60 years later, Eleanor published her memoirs of this experience entitled Eleanor's Story. Skip ahead 14 years and her grand-daughter, Ingrid Garner, has adapted her story for the stage and returns to Australia for a Melbourne season at Chapel off Chapel. "I am so excited to be back, I love Australia, it’s my favourite place to visit," she says. "I get to see the friends I haven’t seen in a year, and it’s like no time has passed. The audiences I’ve had here are incredibly receptive to the play and make me feel appreciated."
"While stories of World War 2 - both fact and fiction - continue to be told (and rightfully so), Garner's production of Eleanor's Story has struck a chord with audiences and critics alike for its recount of what civilians in Germany experienced. "World War II is one of the most talked about events in human history, particularly because of the unfathomable cruelty that came with the industrialization of death during the holocaust, and the struggles that soldiers faced in battle," she explains. "Some may feel that we have heard all the history there is to hear from World War 2, but the truth is we rarely hear about how the civilians suffered. That is what my grandmother’s story is about, citizens in wartime, and I feel the value in telling it is its universality. The experiences she had are shared by anyone from a war-torn country, which is why, unfortunately, this story continues to be relevant, 70 years later.”
I was a little unsure how Garner could successfully manage to fit in 7 years of her grandmother's life into the 60 minute show while staying true to the memoirs, and as it turns out, I wasn't the only one. "My grandmother was sceptical about it too, so she proposed that perhaps I just do a few vignettes from the book," Garner tells me. "But my director, Craig Tyrl, and I were determined that the show start and end the same way the book does, and I feel we succeeded in that. It took quite a bit of cutting and a little rearranging, but my grandmother was certainly impressed with the outcome."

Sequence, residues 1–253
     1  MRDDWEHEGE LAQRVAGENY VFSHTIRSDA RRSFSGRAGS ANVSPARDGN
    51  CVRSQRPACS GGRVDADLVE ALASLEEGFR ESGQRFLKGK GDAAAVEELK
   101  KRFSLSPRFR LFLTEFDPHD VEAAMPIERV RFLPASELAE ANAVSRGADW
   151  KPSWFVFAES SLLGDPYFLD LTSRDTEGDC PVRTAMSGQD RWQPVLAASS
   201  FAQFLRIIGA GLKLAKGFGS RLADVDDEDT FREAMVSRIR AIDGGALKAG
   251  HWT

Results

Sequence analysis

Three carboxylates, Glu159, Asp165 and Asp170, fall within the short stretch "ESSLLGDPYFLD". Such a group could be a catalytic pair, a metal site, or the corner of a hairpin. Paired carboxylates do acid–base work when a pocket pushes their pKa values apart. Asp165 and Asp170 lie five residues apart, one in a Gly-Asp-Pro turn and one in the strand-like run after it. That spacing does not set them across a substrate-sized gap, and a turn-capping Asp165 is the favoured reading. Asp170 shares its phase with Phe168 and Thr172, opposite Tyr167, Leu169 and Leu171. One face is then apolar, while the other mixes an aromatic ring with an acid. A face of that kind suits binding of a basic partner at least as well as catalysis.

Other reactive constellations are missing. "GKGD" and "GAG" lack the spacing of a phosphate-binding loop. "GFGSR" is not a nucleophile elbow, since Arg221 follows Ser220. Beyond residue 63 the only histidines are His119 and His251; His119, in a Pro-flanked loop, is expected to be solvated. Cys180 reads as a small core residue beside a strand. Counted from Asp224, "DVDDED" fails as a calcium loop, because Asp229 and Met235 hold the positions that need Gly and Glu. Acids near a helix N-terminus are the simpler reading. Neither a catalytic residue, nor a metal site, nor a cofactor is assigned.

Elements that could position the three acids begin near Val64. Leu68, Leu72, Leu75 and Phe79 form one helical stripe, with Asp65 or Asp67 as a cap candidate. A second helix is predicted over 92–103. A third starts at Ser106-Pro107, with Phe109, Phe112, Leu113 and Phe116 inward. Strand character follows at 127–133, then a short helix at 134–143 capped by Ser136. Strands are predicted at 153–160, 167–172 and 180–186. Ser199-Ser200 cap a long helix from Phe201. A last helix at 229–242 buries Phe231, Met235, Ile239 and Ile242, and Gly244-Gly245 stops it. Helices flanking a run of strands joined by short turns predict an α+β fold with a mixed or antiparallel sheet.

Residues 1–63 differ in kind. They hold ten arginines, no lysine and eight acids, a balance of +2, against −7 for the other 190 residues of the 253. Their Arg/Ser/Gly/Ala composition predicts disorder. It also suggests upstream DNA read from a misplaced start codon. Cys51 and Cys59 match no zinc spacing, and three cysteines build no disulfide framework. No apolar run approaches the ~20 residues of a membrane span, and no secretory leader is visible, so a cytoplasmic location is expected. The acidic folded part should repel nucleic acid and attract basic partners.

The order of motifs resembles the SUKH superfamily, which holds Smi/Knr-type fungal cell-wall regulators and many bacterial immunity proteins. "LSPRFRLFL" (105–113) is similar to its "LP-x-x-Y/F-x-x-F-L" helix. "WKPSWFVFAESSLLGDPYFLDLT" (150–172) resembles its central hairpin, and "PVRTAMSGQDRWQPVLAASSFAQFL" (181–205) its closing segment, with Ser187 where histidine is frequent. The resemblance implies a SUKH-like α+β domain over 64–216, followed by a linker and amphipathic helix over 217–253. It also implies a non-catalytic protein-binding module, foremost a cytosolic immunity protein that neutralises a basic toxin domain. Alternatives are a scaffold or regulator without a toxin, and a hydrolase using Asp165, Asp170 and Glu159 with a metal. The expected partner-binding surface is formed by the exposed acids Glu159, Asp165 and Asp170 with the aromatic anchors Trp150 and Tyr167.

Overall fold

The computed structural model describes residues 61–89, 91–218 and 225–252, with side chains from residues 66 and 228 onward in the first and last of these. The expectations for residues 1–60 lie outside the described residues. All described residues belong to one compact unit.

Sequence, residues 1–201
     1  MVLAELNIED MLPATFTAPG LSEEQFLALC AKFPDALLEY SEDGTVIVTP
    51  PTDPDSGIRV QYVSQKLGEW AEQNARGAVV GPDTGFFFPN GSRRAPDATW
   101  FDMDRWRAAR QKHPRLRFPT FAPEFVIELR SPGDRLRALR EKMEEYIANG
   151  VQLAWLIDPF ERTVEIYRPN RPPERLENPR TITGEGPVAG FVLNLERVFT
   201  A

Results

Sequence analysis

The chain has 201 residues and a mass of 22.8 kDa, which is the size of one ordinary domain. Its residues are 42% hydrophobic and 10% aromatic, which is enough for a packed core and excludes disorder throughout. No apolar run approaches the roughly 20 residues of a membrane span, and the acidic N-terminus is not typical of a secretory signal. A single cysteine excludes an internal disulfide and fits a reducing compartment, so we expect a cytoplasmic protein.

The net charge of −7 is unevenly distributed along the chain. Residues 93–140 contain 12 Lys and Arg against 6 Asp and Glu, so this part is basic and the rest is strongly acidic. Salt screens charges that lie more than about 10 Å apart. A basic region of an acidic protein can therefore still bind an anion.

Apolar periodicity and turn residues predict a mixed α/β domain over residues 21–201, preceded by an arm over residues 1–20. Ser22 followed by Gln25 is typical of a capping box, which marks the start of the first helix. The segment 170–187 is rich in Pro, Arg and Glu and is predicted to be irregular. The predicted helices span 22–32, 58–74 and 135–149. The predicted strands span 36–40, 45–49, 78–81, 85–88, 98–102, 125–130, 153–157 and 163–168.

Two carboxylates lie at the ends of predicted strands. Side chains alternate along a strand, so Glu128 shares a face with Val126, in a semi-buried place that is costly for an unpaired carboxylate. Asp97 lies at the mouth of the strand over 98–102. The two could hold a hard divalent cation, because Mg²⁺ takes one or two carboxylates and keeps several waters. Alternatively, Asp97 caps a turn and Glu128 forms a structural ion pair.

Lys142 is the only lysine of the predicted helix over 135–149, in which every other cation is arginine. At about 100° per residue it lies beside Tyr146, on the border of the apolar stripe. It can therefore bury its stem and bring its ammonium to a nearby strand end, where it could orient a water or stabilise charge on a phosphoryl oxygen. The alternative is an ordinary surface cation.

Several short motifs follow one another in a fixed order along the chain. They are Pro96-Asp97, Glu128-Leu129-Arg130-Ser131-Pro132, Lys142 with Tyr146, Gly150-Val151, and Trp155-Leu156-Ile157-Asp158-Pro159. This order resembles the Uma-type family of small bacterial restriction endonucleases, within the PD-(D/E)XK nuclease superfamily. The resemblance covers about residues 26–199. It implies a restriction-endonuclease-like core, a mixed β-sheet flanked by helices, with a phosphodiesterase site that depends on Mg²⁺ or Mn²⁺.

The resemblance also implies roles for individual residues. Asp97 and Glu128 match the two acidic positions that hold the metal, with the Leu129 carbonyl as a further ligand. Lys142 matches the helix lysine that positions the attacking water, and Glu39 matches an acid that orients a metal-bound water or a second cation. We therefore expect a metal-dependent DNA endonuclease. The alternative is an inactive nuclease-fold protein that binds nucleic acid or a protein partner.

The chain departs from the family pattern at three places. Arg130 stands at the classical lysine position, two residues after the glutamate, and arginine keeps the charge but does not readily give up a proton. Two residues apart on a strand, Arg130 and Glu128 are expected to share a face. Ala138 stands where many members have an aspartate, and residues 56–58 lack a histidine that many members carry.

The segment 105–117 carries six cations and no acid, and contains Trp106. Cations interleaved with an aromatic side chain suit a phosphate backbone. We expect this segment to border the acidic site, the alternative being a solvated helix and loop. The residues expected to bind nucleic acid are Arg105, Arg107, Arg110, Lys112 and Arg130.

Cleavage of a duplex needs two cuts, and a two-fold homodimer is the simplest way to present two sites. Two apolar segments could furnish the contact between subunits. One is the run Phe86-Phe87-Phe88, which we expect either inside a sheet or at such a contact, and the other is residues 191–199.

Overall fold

"My grandmother is a terrifically artistic person herself, so was able to appreciate the theatricality and visual nature of the piece. She told me it was wonderful to see me play herself and her family, and emotional to see her childhood come to life in such a visceral way," Garner says. "I think she was impressed and perhaps a bit surprised by the production. After all, she had never seen me act in anything except my silent role as the original “Mistress of the Night”, Vampira, in a staged production of the “worst movie ever made”, Plan 9 From Outer Space. Above all, though, she says she feels well and truly honoured by the show and is elated by its international success."
Garner spent much of her final year as a Theatre Arts Major conceptualising the play and how she would tell the story. During this process, she realised she needed input from a director and came across Tyrl, who was completing his Master of Fine Arts Degree. "When I was looking for a director, it was important to me to find someone who could be fairly delicate with the sensitive nature of the material and its performer. It’s a personal story in that it’s my family story, but it’s also a very intimate look at a vulnerable young girl’s coming of age. Craig was incredible to collaborate with. Even when I was being stubborn about keeping a certain story in, he would always try to make it work and put it on its feet, even if it would probably end up getting cut. I’m still blown away by what we were able to accomplish in the busiest three months of our lives.”
Garner hopes Eleanor's Story continues to tour the world and share her grandmother's life with audiences. This also includes a children's show called The Great Steed of Bells for those too young for Eleanor’s Story. "Eleanor’s Story will be touring the California coast soon, Canada in July, and Edinburgh in August. I hope my audiences feel inspired to inquire with their own parents and grandparents about their experience of war. Many people fall silent after a war, it’s completely understandable. It took my grandmother 60 years to share her story, but when she did, it healed her, and it was a great boon to her readership and the rest of us. Each memory a survivor shares puts a human face on the horrors of war and allows us to see that these were people, not numbers."
Venue: Chapel Off Chapel, 12 Little Chapel St, Prahran
Season: 15 - 20 March | Tue- Sat 7.30pm, Fri-Sun 3pm
Tickets: $28 Full | $23 Conc
Bookings: Chapel Off Chapel